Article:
Up@dawn 2.0

Saturday, July 15, 2017

Smugness and insensitivity to the deprivations imposed on the poor

"London parks are the drawing-rooms and clubs of the poor..." Making allowance for the fact that Henry was a 19th-century man, is that statement still a bit too smug and insensitive to the deprivations imposed on the poor by a rigid class structure?

As Henry James described his travels through England and specifically in London, he gave a realistic portrayal of what he saw colored in a degree by his own social class. It is doubtful that he ever attempted to live among the poor as Jack London did when he researched the plight of the poor in London in 1902 and later published People of the Abyss in 1903. If James had, his writings may have been associated more with naturalism than realism and given his upbringing, it is unlikely that he would have seen the conditions of London’s poor from a socialistic perspective.

Clearly in the Chapter 1 of English Hours (London) he writes disparagingly of the lower class, “There are few hours of the day when a thousand smutty children are not sprawling over it (referring to Green Park), and the unemployed lie thick on the grass and cover the benches with a brotherhood of greasy corduroys.”[1] He personifies London as a rapacious ogress who is “so clumsy and so brutal, and has gathered together so many of the darkest sides of life…who devours human flesh.”[2] However, in a nod towards realism, he writes, “And yet I should not go so far as to say that it is a condition of such geniality to close one’s eyes upon the immense misery; on the contrary, I think it is partly because we are irremediably conscious of that dark gulf that the most general appeal of the great city remains exactly what it is, the largest chapter of human accidents. I have no idea of what the future evolution of the strangely mingled monster may be; whether the poor will improve away the rich, or the rich will expropriate the poor, or they will all continue to dwell together on the present imperfect terms of intercourse.”[3]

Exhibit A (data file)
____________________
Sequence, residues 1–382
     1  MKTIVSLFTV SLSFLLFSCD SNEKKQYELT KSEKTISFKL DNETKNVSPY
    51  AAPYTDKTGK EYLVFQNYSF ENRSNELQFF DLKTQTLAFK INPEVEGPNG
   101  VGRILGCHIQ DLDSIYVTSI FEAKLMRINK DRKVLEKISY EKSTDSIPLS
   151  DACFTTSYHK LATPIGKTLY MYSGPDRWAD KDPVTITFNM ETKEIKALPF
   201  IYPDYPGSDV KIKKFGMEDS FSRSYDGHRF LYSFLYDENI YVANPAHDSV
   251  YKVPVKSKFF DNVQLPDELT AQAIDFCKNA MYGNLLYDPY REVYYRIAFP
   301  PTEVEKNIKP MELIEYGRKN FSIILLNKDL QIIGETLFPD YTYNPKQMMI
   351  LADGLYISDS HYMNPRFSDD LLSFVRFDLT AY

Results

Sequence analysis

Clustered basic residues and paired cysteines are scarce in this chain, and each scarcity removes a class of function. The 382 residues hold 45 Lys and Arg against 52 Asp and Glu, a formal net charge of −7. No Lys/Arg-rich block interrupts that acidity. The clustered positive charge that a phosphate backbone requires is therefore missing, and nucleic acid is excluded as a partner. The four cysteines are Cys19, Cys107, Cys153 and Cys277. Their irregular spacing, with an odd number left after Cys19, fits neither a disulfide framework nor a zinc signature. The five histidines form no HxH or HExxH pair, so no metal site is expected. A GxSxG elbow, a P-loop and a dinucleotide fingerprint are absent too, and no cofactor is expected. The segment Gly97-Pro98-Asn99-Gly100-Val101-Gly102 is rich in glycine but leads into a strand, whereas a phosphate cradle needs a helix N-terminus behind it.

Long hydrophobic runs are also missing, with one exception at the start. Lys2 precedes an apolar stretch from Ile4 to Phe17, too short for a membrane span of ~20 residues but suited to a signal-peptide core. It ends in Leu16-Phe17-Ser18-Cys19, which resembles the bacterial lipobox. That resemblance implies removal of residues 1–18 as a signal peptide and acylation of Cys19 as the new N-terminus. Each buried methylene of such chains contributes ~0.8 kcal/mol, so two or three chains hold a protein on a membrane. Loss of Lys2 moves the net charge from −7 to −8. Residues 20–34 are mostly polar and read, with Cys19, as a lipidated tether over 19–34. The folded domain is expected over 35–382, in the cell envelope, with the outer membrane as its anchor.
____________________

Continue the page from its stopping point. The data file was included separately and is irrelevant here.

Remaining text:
Chapter 1 was written in 1888. When he came twenty years earlier, his observations were more poignant, in Chester he referred to “the population has overflowed,”… “And everywhere you go you are accompanied by a vague consciousness of the British child hovering about your knees and coat-skirts, naked, grimy, and portentous.”[4] Five years later in London in Midsummer , he noted, “Yet at the season of which I write one’s social studies must at the least be studies of low life, for wherever one may go for a stroll or to spend the summer afternoon the comparatively sordid side of things is uppermost. There is no one in the parks save the rough characters who are lying on their faces in the sheep-polluted grass.”[5]

I don’t know if he lacks sympathy for the poor or if his heart is hardened to his observed reality spoken of in Matthew, that “the poor will always have with you.” Perhaps he believes that there is nothing he can do about it, so he might as well look after himself, forgetting the old adage from English reformer, John Bradford, “there but for the grace of God go I”.

[1] Henry James, English Hours (New York, Weidenfeld & Nicolson, 1989), 23.
[2] Ibid., 24.
[3] Ibid., 27.
[4] Ibid., 54.
[5] Ibid., 112.

1 comment:

  1. My guess is that Henry did have a strong sense of empathy or at least sympathy for the poor, but that the class rigidities and political realities of his day made it difficult for him to think of how to apply and enact his sensibility in practical ways. And, he was by nature and choice more an observer than a participant - to his discredit, in my view. He was the literary analogue to his brother's Harvard colleague George Santayana, whose spectatorial detachment drove William crazy. No wonder Henry's "late manner" of writing also drove him crazy.